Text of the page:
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MDSC in Hematological Malignancies

Review ARTICLE

Front. Oncol., 21 May 2015 | https://doi.org/10.3389/fonc.2015.00104

Clinical impact of the immunome in lymphoid malignancies: the role of myeloid-derived suppressor cells

imageCalogero Vetro1, imageAlessandra Romano1*, imageFlavia Ancora1, imageFrancesco Coppolino2, imageMaria V. Brundo3, imageSalvatore A. Raccuia3,4, imageFabrizio Puglisi1, imageDaniele Tibullo1, imagePiera La Cava1, imageCesarina Giallongo1 and imageNunziatina L. Parrinello1
  • 1Division of Haematology, AOU “Policlinico – Vittorio Emanuele”, University of Catania, Catania, Italy
  • 2Department of Radiology, University of Palermo, Palermo, Italy
  • 3Department of Biological, Geological and Environmental Sciences, University of Catania, Catania, Italy
  • 4National Research Council Institute for Agricultural and Forest Systems in the Mediterranean, National Research Council, Catania, Italy

The better definition of the mutual sustainment between neoplastic cells and immune system has been translated from the bench to the bedside acquiring value as prognostic factor. Additionally, it represents a promising tool for improving therapeutic strategies. In this context, myeloid-derived suppressor cells (MDSCs) have gained a central role in tumor developing with consequent therapeutic implications. In this review, we will focus on the biological and clinical impact of the study of MDSCs in the settings of lymphoid malignancies.

Introduction

The study of microenvironment in hematological malignancies is becoming more and more intriguing. New soluble factors and cell-to-cell interactions are under investigation. In this complex network, myeloid-derived suppressor cells (MDSCs) represent a central hub. MDSCs are cells with suppressive habit, able to silence cytotoxic immune-response. This is due to the expression of two key enzymes, Arginase-1 (Arg-1) and the inducible form of nitric oxide synthase (iNOS). As a result, they are able to suppress T-cell response and to modulate regulatory T-cells (T-reg) functions. It is a real revolution in the field of immunological studies, in particular when applied to onco-hematological diseases.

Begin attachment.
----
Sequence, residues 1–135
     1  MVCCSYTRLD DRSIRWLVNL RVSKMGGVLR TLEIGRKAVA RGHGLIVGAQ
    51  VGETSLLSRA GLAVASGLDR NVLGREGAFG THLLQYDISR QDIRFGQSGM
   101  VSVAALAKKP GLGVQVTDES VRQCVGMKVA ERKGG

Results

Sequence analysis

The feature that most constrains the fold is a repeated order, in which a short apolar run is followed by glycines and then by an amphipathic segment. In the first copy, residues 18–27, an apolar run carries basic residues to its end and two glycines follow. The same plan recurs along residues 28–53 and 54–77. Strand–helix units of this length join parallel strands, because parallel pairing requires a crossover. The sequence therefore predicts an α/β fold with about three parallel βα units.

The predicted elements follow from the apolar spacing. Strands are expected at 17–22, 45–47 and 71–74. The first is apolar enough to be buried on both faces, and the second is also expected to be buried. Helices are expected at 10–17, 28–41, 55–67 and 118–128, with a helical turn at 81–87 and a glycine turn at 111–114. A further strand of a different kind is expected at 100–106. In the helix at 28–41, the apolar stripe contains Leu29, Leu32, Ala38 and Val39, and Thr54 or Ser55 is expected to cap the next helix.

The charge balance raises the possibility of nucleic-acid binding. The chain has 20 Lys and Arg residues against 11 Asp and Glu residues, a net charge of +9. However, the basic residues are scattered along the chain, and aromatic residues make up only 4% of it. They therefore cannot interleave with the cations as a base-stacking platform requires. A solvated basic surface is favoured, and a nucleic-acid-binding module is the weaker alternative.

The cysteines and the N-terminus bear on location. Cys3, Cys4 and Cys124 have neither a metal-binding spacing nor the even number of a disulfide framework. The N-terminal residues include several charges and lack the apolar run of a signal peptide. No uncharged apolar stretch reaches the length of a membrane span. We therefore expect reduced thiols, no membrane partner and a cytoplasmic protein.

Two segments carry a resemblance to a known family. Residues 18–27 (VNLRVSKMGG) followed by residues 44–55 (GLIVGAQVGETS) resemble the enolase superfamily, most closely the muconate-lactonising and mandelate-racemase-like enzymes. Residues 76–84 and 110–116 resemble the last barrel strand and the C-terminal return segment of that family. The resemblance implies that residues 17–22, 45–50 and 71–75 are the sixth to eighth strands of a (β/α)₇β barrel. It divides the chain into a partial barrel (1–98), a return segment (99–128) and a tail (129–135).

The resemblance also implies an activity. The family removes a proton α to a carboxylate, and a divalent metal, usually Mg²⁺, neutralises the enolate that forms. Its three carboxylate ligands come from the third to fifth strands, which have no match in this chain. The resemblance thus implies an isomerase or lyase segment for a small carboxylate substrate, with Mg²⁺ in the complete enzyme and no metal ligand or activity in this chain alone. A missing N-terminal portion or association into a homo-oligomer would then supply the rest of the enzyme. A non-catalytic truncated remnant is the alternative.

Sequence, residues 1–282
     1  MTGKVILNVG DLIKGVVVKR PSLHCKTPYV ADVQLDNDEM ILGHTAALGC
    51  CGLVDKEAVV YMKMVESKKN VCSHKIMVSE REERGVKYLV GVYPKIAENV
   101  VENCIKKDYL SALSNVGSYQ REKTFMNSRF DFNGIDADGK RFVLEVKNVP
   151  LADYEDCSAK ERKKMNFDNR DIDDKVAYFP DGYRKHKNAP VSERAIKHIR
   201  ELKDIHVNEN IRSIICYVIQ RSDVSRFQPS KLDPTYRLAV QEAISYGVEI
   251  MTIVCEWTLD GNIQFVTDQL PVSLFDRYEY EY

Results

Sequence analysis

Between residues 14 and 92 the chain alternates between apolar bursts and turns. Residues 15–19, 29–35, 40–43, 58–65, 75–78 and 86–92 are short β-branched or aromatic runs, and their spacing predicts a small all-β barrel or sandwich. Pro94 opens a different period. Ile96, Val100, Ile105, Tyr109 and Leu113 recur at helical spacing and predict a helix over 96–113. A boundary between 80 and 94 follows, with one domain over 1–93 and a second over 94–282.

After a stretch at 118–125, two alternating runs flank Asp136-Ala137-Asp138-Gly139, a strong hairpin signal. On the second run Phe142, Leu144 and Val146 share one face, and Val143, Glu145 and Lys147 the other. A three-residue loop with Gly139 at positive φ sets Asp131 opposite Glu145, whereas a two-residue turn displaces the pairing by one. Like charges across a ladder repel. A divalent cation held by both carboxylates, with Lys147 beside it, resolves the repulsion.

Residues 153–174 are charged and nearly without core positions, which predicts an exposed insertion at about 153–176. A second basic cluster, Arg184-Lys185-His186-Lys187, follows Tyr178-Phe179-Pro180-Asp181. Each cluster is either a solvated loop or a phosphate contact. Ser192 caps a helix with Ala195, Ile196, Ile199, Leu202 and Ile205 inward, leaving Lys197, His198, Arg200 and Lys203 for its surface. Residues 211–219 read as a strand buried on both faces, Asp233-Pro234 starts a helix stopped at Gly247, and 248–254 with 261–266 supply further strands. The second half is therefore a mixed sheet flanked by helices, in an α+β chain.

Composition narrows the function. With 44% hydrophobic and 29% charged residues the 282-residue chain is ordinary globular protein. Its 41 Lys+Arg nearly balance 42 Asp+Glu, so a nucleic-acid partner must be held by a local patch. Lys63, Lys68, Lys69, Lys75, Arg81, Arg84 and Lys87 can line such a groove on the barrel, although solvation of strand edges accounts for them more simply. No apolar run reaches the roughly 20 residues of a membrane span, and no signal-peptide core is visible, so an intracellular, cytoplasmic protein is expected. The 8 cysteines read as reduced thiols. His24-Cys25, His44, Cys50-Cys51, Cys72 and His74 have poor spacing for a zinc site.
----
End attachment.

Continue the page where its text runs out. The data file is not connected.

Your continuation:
Pathogenetic and Clinical Importance of Tumor Microenvironment in Lymphoproliferative Disorders

In order to better understand MDSC role in lymphoproliferative diseases, a brief overview on tumor microenvironment is required.

The tumor has been depicted as a mass of neoplastic cells for several years. However, recent studies have been demonstrating, both in solid and hematological tumors, an intricate cross-talk between neoplastic and inflammatory cells (13). Indeed, the immune system is able to create a fertile soil where neoplastic cells proliferate (47). It is usually composed by Th2 cytokines (such as IL-4, IL-10), angiogenetic factors (COX2, VEGF), and chemokines (CXCL12) (4, 810).

However, this cross-talk is not always clear and univocal. For example, compared to lymphoid hyperplasia, patients suffering from Hodgkin lymphoma (HL) have a greater number of CD4+CD25+ cells, T-regulatory (T-reg) markers (11). Additionally, the greater the T-reg amount, the better the prognosis (10, 12, 13). This would be justified by the fact that T-reg cells would be able to regulate the immune response, thus limiting tumor progression. However, the immune-escape and the ability to suppress T-cell response are required for HL development (6, 10) and Hodgkin–Reed Sternberg cells are themselves able to produce immunosuppressive factors, so that the higher the amount of FOXP3 positive cells (a transcription factor expressed by T-reg), the poorer the prognosis (14), being the mirror of the immune-escape of Hodgkin–Reed Sternberg cells. Quite similarly, in multiple myeloma (MM), clinical series indicated that the greater the bone marrow (BM) Treg amount, the more adverse the prognosis (15). However, there are no clear evidences, since in some studies the percentage of Treg into the BM is inferior compared to normal subjects (16), while in other studies, the number is increased (17). Additionally, in other reports, the amount of Treg is greater in the BM than peripheral blood (PB) (18). Indeed, a standard definition of MM features and Treg phenotype would be of great help in function definition (19) and such a perspective study is warranted. It has recently highlighted that the only positivity for FOXP3 expression is not a definitive and unique marker for Treg, being also characterized as CD3+CD4+CD25+CD127low cells (18, 19).

Recently, a new subset of regulatory T-cells have been identified, i.e., Th17. The hallmark of these cells is IL-17 and IL-22 production and they are strictly dependent on IL-21, IL-22, IL-23, IL-27, and IL-6 (16, 20). Th17 amount is augmented in both PB and BM of MM patients. Additionally, MM-plasma cells (PC) express on cell surface the IL-17R (receptor of IL-17) (16) and its amount relate with lytic lesions (21), tumor stage, serum lactate dehydrogenase concentration, and serum creatinine concentration (22). Additionally, this effect is reverted when a Th1 BM enrichment is induced (21).